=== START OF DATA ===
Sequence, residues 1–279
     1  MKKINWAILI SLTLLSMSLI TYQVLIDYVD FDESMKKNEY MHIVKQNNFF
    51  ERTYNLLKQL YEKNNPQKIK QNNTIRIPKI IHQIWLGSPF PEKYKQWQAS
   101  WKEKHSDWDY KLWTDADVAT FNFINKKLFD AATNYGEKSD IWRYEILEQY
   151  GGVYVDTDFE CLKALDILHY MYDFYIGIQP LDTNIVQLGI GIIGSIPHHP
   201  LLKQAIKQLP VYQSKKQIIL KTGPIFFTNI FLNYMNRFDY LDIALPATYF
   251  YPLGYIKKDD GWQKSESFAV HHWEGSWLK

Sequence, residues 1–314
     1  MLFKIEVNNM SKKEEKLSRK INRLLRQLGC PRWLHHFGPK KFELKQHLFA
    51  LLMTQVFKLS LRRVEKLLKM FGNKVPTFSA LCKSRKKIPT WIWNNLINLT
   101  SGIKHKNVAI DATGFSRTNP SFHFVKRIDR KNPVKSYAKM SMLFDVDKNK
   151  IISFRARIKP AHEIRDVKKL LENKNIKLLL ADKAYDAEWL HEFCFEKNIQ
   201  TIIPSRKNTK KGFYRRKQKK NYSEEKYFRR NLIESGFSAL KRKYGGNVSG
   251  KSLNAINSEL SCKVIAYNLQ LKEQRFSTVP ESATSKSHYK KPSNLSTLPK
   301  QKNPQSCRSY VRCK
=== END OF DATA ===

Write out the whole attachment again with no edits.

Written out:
Sequence, residues 1–279
     1  MKKINWAILI SLTLLSMSLI TYQVLIDYVD FDESMKKNEY MHIVKQNNFF
    51  ERTYNLLKQL YEKNNPQKIK QNNTIRIPKI IHQIWLGSPF PEKYKQWQAS
   101  WKEKHSDWDY KLWTDADVAT FNFINKKLFD AATNYGEKSD IWRYEILEQY
   151  GGVYVDTDFE CLKALDILHY MYDFYIGIQP LDTNIVQLGI GIIGSIPHHP
   201  LLKQAIKQLP VYQSKKQIIL KTGPIFFTNI FLNYMNRFDY LDIALPATYF
   251  YPLGYIKKDD GWQKSESFAV HHWEGSWLK

Sequence, residues 1–314
     1  MLFKIEVNNM SKKEEKLSRK INRLLRQLGC PRWLHHFGPK KFELKQHLFA
    51  LLMTQVFKLS LRRVEKLLKM FGNKVPTFSA LCKSRKKIPT WIWNNLINLT
   101  SGIKHKNVAI DATGFSRTNP SFHFVKRIDR KNPVKSYAKM SMLFDVDKNK
   151  IISFRARIKP AHEIRDVKKL LENKNIKLLL ADKAYDAEWL HEFCFEKNIQ
   201  TIIPSRKNTK KGFYRRKQKK NYSEEKYFRR NLIESGFSAL KRKYGGNVSG
   251  KSLNAINSEL SCKVIAYNLQ LKEQRFSTVP ESATSKSHYK KPSNLSTLPK
   301  QKNPQSCRSY VRCK